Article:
In one embodiment, the ReAM is a macrocyclic ligand, which includes both macrocyclic proligands and macrocyclic complexes. By “macrocyclic proligand” herein is meant a cyclic compound which contain donor atoms (sometimes referred to herein as “coordination atoms”) oriented so that they can bind to a metal ion and which are large enough to encircle the metal atom. In general, the donor atoms are heteroatoms including, but not limited to, nitrogen, oxygen and sulfur, with the former being preferred. However, as will be appreciated by those in the art, different metal ions bind preferentially to different heteroatoms, and thus the heteroatoms used can depend on the desired metal ion. In addition, in some embodiments, a single macrocycle can contain heteroatoms of different types.
A “macrocyclic complex” is a macrocyclic proligand with at least one metal ion; in some embodiments the macrocyclic complex comprises a single metal ion, although as described below, polynucleate complexes, including polynucleate macrocyclic complexes, are also contemplated.
A wide variety of macrocyclic ligands find use in the present invention, including those that are electronically conjugated and those that may not be; however, the macrocyclic ligands of the invention preferably have at least one, and preferably two or more oxidation states, with 4, 6 and 8 oxidation states being of particular significance.
A broad schematic of a suitable macrocyclic ligand is shown and described in
In some embodiments, the macrocyclic ligands are selected from the group consisting of porphyrins (particularly porphyrin derivatives as defined below), and cyclen derivatives.
A particularly preferred subset of macrocycles suitable in the invention are porphyrins, including porphyrin derivatives. Such derivatives include porphyrins with extra rings ortho-fused, or ortho-perifused, to the porphyrin nucleus, porphyrins having a replacement of one or more carbon atoms of the porphyrin ring by an atom of another element (skeletal replacement), derivatives having a replacement of a nitrogen atom of the porphyrin ring by an atom of another element (skeletal replacement of nitrogen), derivatives having substituents other than hydrogen located at the peripheral (meso-, (3- or core atoms of the porphyrin, derivatives with saturation of one or more bonds of the porphyrin (hydroporphyrins, e.g., chlorins, bacteriochlorins, isobacteriochlorins, decahydroporphyrins, corphins, pyrrocorphins, etc.), derivatives having one or more atoms, including pyrrolic and pyrromethenyl units, inserted in the porphyrin ring (expanded porphyrins), derivatives having one or more groups removed from the porphyrin ring (contracted porphyrins, e.g., corrin, corrole) and combinations of the foregoing derivatives (e.g., phthalocyanines, sub-phthalocyanines, and porphyrin isomers). Additional suitable porphyrin derivatives include, but are not limited to the chlorophyll group, including etiophyllin, pyrroporphyrin, rhodoporphyrin, phylloporphyrin, phylloerythrin, chlorophyll a and b, as well as the hemoglobin group, including deuteroporphyrin, deuterohemin, hemin, hematin, protoporphyrin, mesohemin, hematoporphyrin mesoporphyrin, coproporphyrin, uruporphyrin and turacin, and the series of tetraarylazadipyrromethines.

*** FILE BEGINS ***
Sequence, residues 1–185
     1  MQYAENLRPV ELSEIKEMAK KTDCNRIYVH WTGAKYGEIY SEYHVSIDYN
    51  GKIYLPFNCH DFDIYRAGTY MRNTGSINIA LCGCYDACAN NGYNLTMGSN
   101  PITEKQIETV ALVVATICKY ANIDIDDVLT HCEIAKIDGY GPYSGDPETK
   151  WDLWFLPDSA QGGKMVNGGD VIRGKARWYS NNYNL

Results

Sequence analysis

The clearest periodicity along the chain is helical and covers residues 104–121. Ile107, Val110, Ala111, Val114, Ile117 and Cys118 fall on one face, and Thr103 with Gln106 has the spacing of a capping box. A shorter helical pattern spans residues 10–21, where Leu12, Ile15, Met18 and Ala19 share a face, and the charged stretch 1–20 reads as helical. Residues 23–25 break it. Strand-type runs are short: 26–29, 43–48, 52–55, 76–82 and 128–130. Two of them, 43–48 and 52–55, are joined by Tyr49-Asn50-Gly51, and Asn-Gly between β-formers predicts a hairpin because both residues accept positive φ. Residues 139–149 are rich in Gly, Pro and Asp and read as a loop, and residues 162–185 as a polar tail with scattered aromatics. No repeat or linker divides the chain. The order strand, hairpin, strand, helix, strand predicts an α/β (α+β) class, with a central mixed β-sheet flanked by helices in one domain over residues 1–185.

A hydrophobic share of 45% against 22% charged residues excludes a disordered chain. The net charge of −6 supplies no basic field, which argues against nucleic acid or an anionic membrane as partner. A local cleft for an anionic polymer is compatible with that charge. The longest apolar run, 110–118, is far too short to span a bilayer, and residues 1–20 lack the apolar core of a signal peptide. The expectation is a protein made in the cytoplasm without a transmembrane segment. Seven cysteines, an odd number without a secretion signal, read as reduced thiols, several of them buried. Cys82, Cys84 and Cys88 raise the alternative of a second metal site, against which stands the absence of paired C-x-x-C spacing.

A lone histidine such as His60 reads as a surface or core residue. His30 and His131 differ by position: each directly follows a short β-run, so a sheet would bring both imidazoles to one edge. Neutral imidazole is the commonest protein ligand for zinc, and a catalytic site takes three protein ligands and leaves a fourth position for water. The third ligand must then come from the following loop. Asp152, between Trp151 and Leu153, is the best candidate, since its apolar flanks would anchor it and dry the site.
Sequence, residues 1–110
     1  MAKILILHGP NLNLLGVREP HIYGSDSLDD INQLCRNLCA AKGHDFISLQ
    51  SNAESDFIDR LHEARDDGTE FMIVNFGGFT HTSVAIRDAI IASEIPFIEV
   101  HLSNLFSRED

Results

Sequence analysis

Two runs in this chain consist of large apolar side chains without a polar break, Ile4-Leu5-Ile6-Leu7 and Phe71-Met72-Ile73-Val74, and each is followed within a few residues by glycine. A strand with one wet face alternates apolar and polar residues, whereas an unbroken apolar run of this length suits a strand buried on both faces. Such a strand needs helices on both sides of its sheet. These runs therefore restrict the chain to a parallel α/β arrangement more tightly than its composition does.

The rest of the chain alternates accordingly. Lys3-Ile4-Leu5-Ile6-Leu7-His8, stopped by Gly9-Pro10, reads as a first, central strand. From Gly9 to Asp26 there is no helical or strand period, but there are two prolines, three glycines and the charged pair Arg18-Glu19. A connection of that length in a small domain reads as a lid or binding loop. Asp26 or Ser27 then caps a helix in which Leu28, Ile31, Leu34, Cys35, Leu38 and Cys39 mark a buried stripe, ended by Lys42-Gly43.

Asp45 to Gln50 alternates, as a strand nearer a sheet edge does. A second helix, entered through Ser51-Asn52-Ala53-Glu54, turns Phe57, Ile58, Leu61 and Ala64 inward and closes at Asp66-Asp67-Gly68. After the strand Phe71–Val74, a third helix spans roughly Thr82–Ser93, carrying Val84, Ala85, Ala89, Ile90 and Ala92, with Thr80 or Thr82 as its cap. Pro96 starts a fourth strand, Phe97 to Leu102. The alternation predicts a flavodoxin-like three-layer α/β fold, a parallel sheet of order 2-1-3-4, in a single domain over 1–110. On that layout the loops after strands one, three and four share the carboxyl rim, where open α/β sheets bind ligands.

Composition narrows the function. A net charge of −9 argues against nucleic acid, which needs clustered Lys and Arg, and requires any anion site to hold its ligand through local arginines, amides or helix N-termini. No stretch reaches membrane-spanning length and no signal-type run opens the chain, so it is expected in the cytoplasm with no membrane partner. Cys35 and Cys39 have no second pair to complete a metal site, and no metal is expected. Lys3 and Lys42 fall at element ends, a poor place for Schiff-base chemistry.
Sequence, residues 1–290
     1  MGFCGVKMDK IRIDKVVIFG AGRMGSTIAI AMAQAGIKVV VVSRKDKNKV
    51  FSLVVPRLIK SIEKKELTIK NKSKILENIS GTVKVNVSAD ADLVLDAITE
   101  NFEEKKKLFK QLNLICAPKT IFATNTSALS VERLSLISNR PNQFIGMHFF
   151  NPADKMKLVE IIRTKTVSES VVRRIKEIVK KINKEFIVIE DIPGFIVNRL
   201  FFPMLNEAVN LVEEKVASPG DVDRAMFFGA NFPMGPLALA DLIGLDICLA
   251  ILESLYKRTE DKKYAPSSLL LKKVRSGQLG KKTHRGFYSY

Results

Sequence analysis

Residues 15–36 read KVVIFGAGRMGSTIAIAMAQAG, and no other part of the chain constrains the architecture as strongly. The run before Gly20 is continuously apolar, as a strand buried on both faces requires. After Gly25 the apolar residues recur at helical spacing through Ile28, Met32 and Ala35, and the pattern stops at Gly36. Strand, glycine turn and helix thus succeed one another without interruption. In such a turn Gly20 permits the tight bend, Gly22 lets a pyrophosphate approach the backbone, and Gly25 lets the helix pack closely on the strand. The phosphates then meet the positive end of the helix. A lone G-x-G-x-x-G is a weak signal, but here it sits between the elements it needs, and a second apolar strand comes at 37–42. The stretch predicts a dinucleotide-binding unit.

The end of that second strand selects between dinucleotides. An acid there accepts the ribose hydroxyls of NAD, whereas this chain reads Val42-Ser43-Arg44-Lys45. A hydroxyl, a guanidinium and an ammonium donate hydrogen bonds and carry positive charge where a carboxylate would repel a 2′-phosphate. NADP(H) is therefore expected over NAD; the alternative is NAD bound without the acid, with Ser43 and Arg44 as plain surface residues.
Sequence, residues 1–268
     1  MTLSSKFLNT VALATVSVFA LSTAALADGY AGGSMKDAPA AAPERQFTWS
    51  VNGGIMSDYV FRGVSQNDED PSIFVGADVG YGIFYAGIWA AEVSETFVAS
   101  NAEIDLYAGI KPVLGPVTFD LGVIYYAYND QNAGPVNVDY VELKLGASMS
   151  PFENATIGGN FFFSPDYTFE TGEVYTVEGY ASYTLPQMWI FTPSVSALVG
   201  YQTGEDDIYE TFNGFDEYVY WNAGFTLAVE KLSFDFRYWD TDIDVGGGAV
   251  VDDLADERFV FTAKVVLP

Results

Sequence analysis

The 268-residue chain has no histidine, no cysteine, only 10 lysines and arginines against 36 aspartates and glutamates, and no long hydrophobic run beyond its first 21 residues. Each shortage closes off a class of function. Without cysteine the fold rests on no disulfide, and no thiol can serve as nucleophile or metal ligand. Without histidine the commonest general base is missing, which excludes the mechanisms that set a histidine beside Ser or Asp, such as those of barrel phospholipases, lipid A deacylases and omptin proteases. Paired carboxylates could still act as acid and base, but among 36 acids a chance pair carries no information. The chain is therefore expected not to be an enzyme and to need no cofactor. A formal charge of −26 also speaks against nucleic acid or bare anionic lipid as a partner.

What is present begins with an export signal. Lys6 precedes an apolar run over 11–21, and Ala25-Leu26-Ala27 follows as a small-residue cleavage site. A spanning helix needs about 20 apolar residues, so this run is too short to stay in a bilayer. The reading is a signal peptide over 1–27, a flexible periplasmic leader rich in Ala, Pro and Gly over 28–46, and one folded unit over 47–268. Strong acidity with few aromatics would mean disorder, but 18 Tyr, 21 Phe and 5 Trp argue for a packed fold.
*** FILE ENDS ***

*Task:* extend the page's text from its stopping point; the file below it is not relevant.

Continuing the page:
As is true for the compounds outlined herein, and as will be appreciated by those in the art, each unsaturated position, whether carbon or heteroatom, can include one or more substitution groups as defined herein, depending on the desired valency of the system.
In one preferred embodiment, the redox-active molecule may be a metallocene as shown in the formula of
In preferred embodiments, a substituted aryl group is attached to the porphyrin, and the substituents on the aryl group are selected from the group consisting of aryl, phenyl, cycloalkyl, alkyl, halogen, alkoxy, alkylthio, perfluoroalkyl, perfluoroaryl, pyridyl, cyano, thiocyanato, nitro, amino, alkylamino, acyl, sulfoxyl, sulfonyl, imido, amido, and carbamoyl.